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Bristol Zoo Gardens Plans To Open Its Historic Grounds To The Public For Free Once The Site Is Sold

Alice Lorenzato-Lloyd Alice Lorenzato-Lloyd - Staff Writer

Bristol Zoo Gardens Plans To Open Its Historic Grounds To The Public For Free Once The Site Is Sold

The 185-year-old gardens filled with wildlife will be free to roam.

Despite announcing last year that it would be closing its Clifton site, Bristol Zoo Gardens plans to open its award-winning grounds to the public for free after the site is sold. Bristolians and visitors will be able to have free access to the 185-year-old gardens, a new children’s play area and a new Clifton Conservation Hub and café, as part of future plans for the 12-acre site that have been put forward by Bristol Zoological Society.

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Credit: Bristol Zoo Gardens

The plans will also ensure the site’s historical buildings are protected and include a mix of sustainable and much-needed housing with the same level of space for people and nature as today. The latest draft masterplan shows up to 235 new homes will be created of which 20% are proposed to be affordable homes and will be a range of sizes.

New life will be given to the gardens’ existing historical features, such as the Monkey Temple building, and the current theatre building on the main lawn of the gardens will also be retained, providing cultural and educational talks, workshops, and seasonal events. The iconic Zoo entrance building will become the Clifton Conservation Hub – a public café with indoor and outdoor seating, exhibition space, education and meeting spaces, and home to the Avon Gorge & Downs Wildlife Project.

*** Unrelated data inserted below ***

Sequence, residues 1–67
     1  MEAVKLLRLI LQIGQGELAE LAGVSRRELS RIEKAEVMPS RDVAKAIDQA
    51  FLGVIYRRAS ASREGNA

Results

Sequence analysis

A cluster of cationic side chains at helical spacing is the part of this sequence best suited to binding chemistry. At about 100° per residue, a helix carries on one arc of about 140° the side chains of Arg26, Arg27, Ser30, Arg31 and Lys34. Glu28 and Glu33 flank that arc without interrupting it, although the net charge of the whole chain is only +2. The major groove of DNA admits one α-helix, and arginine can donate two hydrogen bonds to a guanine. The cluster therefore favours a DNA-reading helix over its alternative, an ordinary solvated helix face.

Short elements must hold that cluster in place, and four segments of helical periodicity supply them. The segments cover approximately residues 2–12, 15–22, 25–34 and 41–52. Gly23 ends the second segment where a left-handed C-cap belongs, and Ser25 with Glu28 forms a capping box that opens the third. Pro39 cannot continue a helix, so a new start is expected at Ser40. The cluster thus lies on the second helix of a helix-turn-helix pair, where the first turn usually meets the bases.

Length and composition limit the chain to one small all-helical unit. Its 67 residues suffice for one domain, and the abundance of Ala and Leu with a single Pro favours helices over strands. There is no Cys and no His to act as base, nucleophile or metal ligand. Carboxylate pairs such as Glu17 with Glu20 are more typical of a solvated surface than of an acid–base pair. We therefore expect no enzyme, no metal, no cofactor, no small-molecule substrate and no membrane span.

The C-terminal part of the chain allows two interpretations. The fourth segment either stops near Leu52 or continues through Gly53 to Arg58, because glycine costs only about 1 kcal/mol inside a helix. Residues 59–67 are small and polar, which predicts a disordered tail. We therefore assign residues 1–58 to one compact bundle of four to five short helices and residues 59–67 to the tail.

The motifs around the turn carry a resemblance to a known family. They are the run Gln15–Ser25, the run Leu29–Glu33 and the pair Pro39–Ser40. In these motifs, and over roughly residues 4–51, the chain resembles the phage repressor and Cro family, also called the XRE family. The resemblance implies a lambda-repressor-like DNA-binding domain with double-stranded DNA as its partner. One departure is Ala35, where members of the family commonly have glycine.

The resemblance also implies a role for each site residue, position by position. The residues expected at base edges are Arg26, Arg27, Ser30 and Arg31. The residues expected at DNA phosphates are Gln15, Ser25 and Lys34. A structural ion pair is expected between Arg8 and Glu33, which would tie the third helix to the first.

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Credit: Bristol Zoo Gardens

The charity will also be creating a new Bristol Zoo with a focus on sustainability at its Wild Place Project site in Gloucestershire. The new Bristol Zoo will ensure future generations of children can come face-to-face with animals in nature, and that the charity continues its critical conservation and education work, to protect at-risk species and habitats.

Dr Justin Morris, Chief Executive of Bristol Zoological Society, said: “Bristol Zoo Gardens will be more accessible than ever before. Bristolians and visitors to the city can come and enjoy the gardens, play area, lake, natural wildlife, and heritage buildings. After occupying the site for 186 years, we’ll create a legacy for Bristol Zoo Gardens, making it free for the public, while protecting and improving the lives of the amazing animals in a new world-class Bristol Zoo.”

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Credit: Bristol Zoo Gardens

Sunand Prasad, co-founder of Penoyre and Prasad, the architects leading the design for the site, added: “Bristol Zoo Gardens has a fantastic heritage, a wonderful landscape, and a special place in people’s hearts. The proposals reflect this. They provide beautiful public spaces and much-needed homes, in harmony with the natural world.”

The second phase of the public consultation for the Clifton site is currently underway and the Bristol Zoological Society is inviting people to see the proposals and share their views, at a public event at the Zoo’s Clifton Pavilion on November 16, and at an online event on November 23. A third public consultation will take place in early 2022 and include an artists’ impressions of the homes.

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